Maybe the drive to Baltimore will be fun and simply fly by because you’re so happy to be getting together with your old friend, or because you find a really good podcast to binge as you continue going east. Maybe the turnaround trip back to California would end up leading to a flat tire in the desert, bumper to bumper traffic, or just a sense that you gave up on a trip that could have been a really good thing for you and your friend.
Of course, I’m not just talking about decision-making. All of us face opportunities to give up on things on a regular basis. I’m tempted to give up on blogging and writing almost everyday, actually. With only 52 subscribers, the pressure to create a “brand” around my words and to present a consistent image and message across multiple social media platforms so that I can gather enough subscribers to *maybe* get a book contract and *maybe* be able to publish the book I’m already writing too is a lot when I try to think about the fact that I also have other things I need to do and want to do. When I’m doing writing-related work I’m not doing housework, which is a problem when I’m the only person in the house who cares about tidiness. And it so often flips too. Today I missed a writers’ Zoom meeting I’d been looking forward to because a planned home health visit went longer than I expected it would. Last week I ran out of clean underwear because the dishes stayed clean and the vegetable garden was well-tended while laundry piled up. Life balance is hard no matter what you do for a living, and no matter how many productivity or organization blogs you follow, that isn’t going to change.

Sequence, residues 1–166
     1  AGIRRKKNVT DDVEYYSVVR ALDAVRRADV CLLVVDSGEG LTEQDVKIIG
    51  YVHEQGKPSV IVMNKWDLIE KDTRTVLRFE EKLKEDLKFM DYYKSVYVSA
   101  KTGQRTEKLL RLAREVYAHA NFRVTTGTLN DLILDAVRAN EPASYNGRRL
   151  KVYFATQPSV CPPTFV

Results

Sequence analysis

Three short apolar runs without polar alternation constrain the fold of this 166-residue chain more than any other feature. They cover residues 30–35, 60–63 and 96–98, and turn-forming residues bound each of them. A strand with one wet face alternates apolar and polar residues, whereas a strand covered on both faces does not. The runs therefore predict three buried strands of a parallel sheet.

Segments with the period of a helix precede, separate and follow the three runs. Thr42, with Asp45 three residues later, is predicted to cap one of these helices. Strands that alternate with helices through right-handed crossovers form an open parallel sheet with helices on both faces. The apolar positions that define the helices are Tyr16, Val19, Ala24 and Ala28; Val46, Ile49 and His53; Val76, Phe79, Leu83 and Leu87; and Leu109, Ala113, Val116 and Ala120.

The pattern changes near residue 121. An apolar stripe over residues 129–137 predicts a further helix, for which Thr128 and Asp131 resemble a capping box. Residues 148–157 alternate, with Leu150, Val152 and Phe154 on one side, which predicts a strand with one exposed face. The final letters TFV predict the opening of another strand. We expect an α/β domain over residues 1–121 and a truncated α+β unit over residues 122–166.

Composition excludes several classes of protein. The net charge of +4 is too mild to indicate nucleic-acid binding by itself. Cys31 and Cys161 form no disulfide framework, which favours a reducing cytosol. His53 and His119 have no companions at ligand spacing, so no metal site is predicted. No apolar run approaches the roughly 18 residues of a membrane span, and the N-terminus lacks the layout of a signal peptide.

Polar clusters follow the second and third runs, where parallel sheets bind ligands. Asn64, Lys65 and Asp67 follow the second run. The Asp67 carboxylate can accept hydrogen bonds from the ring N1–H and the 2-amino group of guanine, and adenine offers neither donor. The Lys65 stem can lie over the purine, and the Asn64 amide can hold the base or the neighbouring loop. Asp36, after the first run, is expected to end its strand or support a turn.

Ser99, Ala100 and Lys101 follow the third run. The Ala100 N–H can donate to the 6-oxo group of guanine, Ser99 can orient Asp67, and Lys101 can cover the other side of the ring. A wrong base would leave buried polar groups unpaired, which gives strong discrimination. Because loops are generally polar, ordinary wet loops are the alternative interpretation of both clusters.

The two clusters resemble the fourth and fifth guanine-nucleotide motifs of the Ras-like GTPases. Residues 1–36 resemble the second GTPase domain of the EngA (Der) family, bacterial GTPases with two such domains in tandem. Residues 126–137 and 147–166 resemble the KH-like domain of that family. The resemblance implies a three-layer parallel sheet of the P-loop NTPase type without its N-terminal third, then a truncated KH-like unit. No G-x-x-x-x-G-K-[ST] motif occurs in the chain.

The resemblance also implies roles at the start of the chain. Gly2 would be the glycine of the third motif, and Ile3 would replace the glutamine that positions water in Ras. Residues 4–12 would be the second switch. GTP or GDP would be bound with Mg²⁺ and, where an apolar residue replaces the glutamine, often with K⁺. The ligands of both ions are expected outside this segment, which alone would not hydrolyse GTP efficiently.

Relationships, I think, are the same way if you want them to last, and frankly, I think struggling in an important relationship feels a lot harder than struggling to keep the laundry done and the tomatoes picked before they rot. Because people can hurt us, and the closer we are to another person, the easier it is for that person to hurt you, intentionally or otherwise. I can tell you that from experience, because my husband is my best friend, and I have loved him dearly for more than twenty years, but sometimes I didn’t feel love toward him.